CDC Warns of Deadly Listeria in Cantaloupe

Yael Waknine

September 14, 2011

September 14, 2011 — Individuals in the United States who are at high risk for listeriosis should avoid eating cantaloupes from the Rocky Ford region of Colorado, the Centers for Disease Control and Prevention (CDC) warns. Included in the warning are older adults, immunocompromised individuals, and pregnant women.

An outbreak of Listeria monocytogenes has been reported among 15 persons in 4 states, including Colorado (11), Nebraska (1), Oklahoma (1), and Texas (2). All were hospitalized, and 1 death resulted. Illnesses began on or after August 15, 2011, and mostly affected immunocompromised individuals, women, and those older than 60 years (age range, 38 to 96 years; median age, 84 years; women, 73%).

Additional cases in several other states are being investigated for a connection, officials said. Moreover, cases occurring after August 26, 2011, may not have yet been reported because of a time lag in diagnosis.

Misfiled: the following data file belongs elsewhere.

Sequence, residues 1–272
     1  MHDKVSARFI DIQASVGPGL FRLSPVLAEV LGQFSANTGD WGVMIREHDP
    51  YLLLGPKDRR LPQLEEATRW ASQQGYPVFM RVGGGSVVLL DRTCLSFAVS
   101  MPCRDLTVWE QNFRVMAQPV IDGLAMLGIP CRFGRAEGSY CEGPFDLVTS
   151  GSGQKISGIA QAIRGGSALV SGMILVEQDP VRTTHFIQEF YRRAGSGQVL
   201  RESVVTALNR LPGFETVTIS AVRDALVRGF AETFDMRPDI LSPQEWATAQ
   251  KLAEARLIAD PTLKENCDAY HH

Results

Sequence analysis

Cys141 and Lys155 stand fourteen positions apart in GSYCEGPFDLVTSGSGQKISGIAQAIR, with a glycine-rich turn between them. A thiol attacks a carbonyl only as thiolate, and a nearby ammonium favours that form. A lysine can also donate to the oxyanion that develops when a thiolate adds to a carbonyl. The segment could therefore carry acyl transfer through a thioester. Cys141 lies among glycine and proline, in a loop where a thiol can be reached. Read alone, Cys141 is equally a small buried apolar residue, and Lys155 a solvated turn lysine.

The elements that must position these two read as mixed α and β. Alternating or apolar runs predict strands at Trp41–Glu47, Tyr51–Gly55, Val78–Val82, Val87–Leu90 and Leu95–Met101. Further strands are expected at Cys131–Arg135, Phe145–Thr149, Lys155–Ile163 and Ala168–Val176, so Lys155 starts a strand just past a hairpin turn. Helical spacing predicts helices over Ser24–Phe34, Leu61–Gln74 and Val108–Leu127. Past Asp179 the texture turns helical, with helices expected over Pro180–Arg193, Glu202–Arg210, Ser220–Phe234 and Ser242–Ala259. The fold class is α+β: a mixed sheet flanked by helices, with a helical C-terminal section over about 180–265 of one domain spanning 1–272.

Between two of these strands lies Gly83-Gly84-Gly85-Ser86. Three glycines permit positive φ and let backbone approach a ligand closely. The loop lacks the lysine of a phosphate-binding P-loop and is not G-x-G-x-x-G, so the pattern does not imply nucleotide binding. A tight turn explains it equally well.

Several outbreaks of Listeria food-borne illness are reported each year in the United States, primarily associated with deli meats, hot dogs, and Mexican-style soft cheeses made with unpasteurized milk. Although produce is not often identified as a source, prior outbreaks have been linked to sprouts (2009) and celery (2010).

Because contaminated cantaloupes may still be marketed in grocery stores, the CDC advises consumers to check the label or inquire whether the fruit was obtained from the Rocky Ford region of Colorado; if so, the product should be disposed of in a closed plastic bag placed in a sealed trash can to avoid consumption by animals.

Individuals who think they may have become ill from eating potentially contaminated cantaloupes should immediately consult a healthcare professional.

Symptoms include fever and muscle aches, as well as headache, stiff neck, confusion, loss of balance, and convulsions. Although pregnant women typically experience only a mild influenza-like illness, Listeria infections during gestation can lead to miscarriage, stillbirth, premature delivery, and life-threatening infection in newborns.

More information about avoiding listeriosis in food and general melon safety advice is available on the CDC's Web site.

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